Late December, we launched our first Android product. It appeared that customers were just waiting for a good FreeCharge mobile offering to arrive. We instantly saw a ‘hockey-stick growth’ with inflection point strongly visible on the day of the app launch. Our app ratings started improving and touched 4.3 in no time. Soon, mobile started contributing 30 per cent of our transactions. It became clear that more new customers were coming on mobile than desktop and their cohort/engagement was twice as good.

In retrospect, I strongly believe that if we had not focused on mobile, we would have become irrelevant by now.

Another example of building for future is the latest update of FreeCharge Android design. I attended last year’s Google IO and was blown away by Google’s vision on material design. While Dave Burke was talking about material design, I wrote to Harish (our design head) to think about building material design app for FreeCharge. Within five minutes he replied in the positive and within a couple of months we launched material design on Android before most of the others even started thinking about it.

Build team on trust & culture and not on money

This is becoming even starker with the kind of massive funding being raised these days, which is resulting in significant wage inflation in our industry. However, we always believed in building a team around people, culture and vision and never solely on the basis of money. We spent significant time in several instances to convince folks to join us for culture. Someone joining you instead of taking a 50 per cent hike from someone else is a very strong signal that the person is bought on the direction and is committed. People who move needle always work for passion, independence and learning as primary attraction and not money.

The basic problem of building a team primarily on the basis of money is that of adverse selection. Over time, people who will be left with you will be those who have lot of need/greed for money. Such people are also generally low on risk appetite. They will take any grief from you as long as you compensate them for it. Good people want to work with good people. They want to get challenged in their thinking. They want freedom to do stuff.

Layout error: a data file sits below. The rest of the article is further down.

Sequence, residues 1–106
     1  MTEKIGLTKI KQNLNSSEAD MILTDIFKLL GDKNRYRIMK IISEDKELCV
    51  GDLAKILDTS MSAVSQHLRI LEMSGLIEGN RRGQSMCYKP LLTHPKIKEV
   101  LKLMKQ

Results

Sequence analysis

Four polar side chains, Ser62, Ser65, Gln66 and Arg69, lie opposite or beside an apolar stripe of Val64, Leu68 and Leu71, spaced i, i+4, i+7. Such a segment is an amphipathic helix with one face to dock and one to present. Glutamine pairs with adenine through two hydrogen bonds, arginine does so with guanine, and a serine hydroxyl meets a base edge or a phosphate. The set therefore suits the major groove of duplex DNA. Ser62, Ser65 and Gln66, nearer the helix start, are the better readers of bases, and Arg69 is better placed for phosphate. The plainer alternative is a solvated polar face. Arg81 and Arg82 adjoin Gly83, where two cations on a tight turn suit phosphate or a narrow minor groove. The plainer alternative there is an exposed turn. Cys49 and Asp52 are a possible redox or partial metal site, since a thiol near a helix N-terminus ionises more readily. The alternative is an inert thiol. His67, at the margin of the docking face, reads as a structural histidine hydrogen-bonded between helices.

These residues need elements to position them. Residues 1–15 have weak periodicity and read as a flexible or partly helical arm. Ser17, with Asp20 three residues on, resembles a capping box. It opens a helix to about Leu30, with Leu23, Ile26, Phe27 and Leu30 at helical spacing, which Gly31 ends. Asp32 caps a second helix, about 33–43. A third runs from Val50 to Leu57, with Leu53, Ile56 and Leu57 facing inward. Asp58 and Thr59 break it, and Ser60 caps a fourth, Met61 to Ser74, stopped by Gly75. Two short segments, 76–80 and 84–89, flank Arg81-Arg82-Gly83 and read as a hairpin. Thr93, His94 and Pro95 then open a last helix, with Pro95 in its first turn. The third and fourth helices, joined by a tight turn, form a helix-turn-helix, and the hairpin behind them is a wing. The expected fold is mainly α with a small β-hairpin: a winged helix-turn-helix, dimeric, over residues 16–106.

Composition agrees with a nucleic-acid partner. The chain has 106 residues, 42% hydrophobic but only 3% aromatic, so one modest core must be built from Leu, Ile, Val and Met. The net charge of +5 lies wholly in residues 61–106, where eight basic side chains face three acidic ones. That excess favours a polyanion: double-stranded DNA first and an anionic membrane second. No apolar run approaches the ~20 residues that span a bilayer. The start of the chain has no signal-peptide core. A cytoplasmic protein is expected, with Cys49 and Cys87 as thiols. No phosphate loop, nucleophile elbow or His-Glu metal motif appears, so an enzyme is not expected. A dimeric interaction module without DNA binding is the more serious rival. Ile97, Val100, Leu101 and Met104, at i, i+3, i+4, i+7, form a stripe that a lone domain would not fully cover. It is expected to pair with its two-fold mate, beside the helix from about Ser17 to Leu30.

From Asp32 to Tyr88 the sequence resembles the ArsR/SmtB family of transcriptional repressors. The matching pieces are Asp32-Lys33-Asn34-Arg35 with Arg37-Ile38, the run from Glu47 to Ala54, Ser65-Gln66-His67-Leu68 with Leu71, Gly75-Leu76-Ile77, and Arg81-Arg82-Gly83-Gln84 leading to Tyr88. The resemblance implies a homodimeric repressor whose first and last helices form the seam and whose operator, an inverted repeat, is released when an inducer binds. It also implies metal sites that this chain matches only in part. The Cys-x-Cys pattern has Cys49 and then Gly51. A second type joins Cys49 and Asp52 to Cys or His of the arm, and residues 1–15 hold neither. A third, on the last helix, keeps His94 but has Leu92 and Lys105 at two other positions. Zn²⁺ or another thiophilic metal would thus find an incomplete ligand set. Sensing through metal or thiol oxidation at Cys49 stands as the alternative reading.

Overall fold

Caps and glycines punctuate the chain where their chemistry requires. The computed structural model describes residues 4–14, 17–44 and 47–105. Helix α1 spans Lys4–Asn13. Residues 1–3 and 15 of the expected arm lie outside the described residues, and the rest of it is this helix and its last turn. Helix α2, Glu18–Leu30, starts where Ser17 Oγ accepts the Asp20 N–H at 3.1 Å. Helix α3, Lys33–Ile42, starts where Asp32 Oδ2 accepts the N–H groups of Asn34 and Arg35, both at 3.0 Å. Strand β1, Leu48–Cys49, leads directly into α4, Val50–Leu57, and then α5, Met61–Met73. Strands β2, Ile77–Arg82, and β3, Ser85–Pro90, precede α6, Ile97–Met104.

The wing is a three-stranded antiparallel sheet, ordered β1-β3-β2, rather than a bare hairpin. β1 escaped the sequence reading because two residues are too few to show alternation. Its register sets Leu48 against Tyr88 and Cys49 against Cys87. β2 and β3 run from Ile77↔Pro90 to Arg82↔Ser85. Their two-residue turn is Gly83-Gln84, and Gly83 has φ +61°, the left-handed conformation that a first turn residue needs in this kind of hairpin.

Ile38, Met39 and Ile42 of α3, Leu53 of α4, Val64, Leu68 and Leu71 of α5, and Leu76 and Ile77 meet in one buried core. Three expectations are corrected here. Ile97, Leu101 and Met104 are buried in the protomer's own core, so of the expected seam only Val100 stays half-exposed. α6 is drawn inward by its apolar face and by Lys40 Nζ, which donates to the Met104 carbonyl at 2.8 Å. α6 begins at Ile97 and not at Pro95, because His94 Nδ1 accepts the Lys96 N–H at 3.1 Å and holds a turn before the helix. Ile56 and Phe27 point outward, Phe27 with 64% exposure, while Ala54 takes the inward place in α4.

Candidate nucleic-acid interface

Hiring right is necessary

At FreeCharge, we continued to build one of the best teams in the Indian startup ecosystem. For all critical positions, we adopted a practice of asking, “Where would our ideal candidate be working at right now?”. Based on this question, we would narrow down on few potential folks who will be rock stars.

Hiring also has a network effect problem. Once you have a great team, that team will attract more great people. But how do you seed a great team? Focus on getting couple of great guys around you. And those couple should have potential to act as magnet to attract more talent. And the new people will be able to further bring good talent. Pretty soon, word will be out that you have a great team to work for.

A very important challenge in hiring is to get people who are culturally aligned. We also adopted an interested approach for this. For any senior management hiring, the candidate would talk to each of the persons that he/she would work with in any capacity. We used to give enough opportunity to potential candidates to understand our mode of operation and culture. I believe everyone wants to succeed in life and if exposed well into the culture, the candidate itself will make a good choice around culture alignment.

Growth of company is a balancing act

Paul Graham describes a startup as “a company that is designed to grow fast”. In order to continue growing fast, a company would need to invest time in things that create growth today as well in efforts that will enable growth in future. In my view, product innovations give long-term sustainable growth and marketing (excluding brand creation) innovations get short-term tactical growth. For any startup to succeed, it should do both in right balance and at right times. It’s ok to do discounting to generate short-term growth, as long as you are focused on improving product experience in parallel. A startup that just focuses on discounting for growth without a balancing effort towards product will soon find itself riding a tiger that’s impossible to get off from.

One approach to solve this is to form two separate teams in the company with two different mandates – short term and long term. This way you are not compromising one over the other.

But don’t focus on marketing before you get your basic product right because nothing puts off a consumer more than a bold marketing promise with a flop product. At the same time, delaying marketing too much to keep nailing the product will mean a missed opportunity to grow faster.

Flat organisation structure worked for us

At FreeCharge, we had something rather unusual, which may not work in all settings: we had a flat organisation structure. Someone in the team once called it “as flat as a pancake”. Not having too many hierarchies helped alignments happen without any time wasted, and decisions were made instantaneously. There were several downsides of this approach as well. This structure demanded me to spend a lot of time on the floor. Any periods of extended travel would create confusions or friction in our decision-making.

As is natural for a fast growing organisation, we had a fair share of friction and debates internally on several things. But as I look back, the above tenets certainly played a key role in enabling us to grow fast in sustainable manner.

And as a team, we are really proud that we could execute the largest M&A in the country and made FreeCharge a household name with millions of users who were not ‘recharging’ but ‘FreeCharging’.